Day 9 |
Jun 07, 2012

Amsterdamoya, Svalbard 

By Luciano "Luqui" Bernacchi, Birder, Glacier Guide

Co-ordinates: N 79º39'19",W 011º00'48"
Weather: Mostly sunny, few clouds
Air Temperature: 5,4ºC
Pressure: 1006 hPa
Wind: 15 Kn morning. Very windy afternoon, gusts to about 48 kn.

The second day in Svalbard for this season was spectacular, the first one in true expedition style.

I woke up earlier than expected as Expedition Leader, Robin West, announced at 0600 AM via the PA system that the weather was wonderful and that we were entering a scenic area near Amsterdamoya Island. Very soon afterwards a Polar Bear had been spotted, and Robin made another announcement. We quickly organised Zodiac cruising in order to take our guests to see this great symbol of the Arctic, the Polar Bear.

In no time 7 boats were floating and we started loading. The bear was on a small island called Moseoya south of Danskoya and Amsterdamoya, at the far northwest of Svalbard. The bear had moved to the other side of the island, so I had to go around it, and it was quite rough, with lots of swell and wind, however the Bear slowly moved around to the more sheltered part and after a few minutes it came closer to the water’s edge.

After various trips to Svalbard, I always like the reaction of everyone when watching Polar Bears in the wild; it is probably one of the most amazing experiences for those of us who love to witness animals in their natural environment.

Today’s bear was quite busy walking and inspecting every corner of the little island. It was without doubt hungry and the only thing that seemed to attract him were the birds he had around. There were Barnacle Geese, Glaucous Gulls, and Black Legged Kittiwakes amongst others. And on various occasions we saw the bear eating from the ground what looked like eggs it was taking from the ground. Judging by the reaction of the geese, the bear did find more than one nest.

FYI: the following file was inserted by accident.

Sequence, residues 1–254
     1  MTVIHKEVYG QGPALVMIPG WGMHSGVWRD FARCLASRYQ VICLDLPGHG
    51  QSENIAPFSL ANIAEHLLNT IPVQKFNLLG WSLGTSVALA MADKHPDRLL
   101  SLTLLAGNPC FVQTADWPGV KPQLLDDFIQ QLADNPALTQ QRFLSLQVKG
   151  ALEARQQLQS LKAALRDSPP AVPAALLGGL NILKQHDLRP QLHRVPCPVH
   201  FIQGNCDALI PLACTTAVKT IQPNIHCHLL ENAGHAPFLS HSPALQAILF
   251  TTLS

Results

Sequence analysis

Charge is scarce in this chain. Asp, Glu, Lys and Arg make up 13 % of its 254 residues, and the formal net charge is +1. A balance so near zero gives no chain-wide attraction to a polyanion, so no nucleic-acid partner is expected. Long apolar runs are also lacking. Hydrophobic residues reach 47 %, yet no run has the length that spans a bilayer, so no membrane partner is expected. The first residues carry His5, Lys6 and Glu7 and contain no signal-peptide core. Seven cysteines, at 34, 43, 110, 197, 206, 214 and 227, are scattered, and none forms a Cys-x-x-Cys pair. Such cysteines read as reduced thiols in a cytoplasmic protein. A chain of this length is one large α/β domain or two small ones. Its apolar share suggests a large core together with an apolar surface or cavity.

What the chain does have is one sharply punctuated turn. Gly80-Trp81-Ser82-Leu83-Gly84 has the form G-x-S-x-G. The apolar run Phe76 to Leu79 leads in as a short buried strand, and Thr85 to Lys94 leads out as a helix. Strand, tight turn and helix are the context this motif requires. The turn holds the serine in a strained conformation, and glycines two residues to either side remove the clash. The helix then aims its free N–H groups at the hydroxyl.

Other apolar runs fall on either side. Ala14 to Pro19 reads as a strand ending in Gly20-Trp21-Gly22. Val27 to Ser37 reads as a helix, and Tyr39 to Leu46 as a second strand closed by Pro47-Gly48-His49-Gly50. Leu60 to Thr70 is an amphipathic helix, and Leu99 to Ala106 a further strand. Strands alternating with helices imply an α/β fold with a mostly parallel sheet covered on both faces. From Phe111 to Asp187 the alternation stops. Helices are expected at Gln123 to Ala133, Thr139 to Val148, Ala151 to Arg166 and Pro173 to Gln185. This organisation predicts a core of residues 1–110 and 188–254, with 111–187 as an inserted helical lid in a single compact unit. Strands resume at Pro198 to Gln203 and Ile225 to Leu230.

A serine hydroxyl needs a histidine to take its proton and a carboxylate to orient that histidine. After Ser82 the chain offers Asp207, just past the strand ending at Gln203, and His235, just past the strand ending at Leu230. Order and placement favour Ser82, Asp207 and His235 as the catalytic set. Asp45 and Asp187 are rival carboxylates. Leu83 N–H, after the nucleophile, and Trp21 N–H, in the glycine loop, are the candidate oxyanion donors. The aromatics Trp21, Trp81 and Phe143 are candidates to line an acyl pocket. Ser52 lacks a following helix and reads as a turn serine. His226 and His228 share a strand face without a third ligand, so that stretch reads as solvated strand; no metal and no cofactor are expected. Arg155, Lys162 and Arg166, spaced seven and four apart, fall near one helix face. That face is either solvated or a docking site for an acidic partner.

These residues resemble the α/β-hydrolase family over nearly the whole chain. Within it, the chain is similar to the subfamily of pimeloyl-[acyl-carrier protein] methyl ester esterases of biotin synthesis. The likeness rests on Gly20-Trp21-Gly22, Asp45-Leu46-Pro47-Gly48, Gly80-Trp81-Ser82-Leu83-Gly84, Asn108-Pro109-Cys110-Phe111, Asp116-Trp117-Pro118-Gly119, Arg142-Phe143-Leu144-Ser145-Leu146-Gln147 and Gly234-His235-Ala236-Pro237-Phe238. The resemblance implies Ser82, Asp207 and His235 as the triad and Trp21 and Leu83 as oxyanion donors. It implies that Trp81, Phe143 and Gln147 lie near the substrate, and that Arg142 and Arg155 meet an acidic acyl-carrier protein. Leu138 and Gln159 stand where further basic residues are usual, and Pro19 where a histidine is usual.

Time flashed by as we gently floated, watching this formidable carnivore… moving around, sniffing the air, scratching the rocks and soil, disappearing behind a ridge for a few minutes and then showing itself again, and again. I returned to the Silver Explorer, which was safely anchored more than 32 miles away, to bring the second half of our guests.

The second group had a similar experience, and after the few minutes of photos, general silence and admiration, my Zodiac group began talking and asking questions about the Polar Bear, the Arctic environment, the changing conditions and loss of sea-ice. Diminishing sea-ice has proven to be detrimental for them as it affects the presence of their main food source, seals.

It was time to head back on board the Silver Explorer for breakfast as we had missed eating anything by leaving with haste for our first Polar Bear Encounter. Thanks to the hotel department, we enjoyed a great breakfast.

The day had just started; it was still before ten o’clock in the morning. Kara Weller, one of the biologists in the Expedition Team, offered a lecture about Polar Bears. After the excitement of the sighting, it was great to listen and learn more about their life, breeding, feeding and conservation status. I joined the lecture together with most of our guests. A quick lunch followed as we approached our afternoon’s destination in Smeerenburg.

This site is known as “Blubber Town” as it used to be one of the main whaling areas during the XVII Century, little is left but some ruins of blubber ovens can still be seen near the shore, on a flat spit of land, surrounded by mountains, glaciers, and typical arctic scenery.

I had to scout the shore in search for polar bears, as we normally do in every landing in these latitudes. Once the landing is decided, some expedition staff and Bear Guards go ashore, and two boats are sent in opposite directions to look from the water and inspect for possible Polar Bears. Luckily all guests could do their activities and at about 0600 PM we were all back on board.

In the evening in Recap & Briefing more interesting facts were discussed, and we answered various questions. I spoke a bit about some of the new birds we had seen during the day: snow buntings, Barnacle geese, Brunnich’s Guillemots, and also explained about the Cryosphere.

The day ended for me with a sumptuous dinner in The Restaurant together with a few guests followed by a good night’s sleep.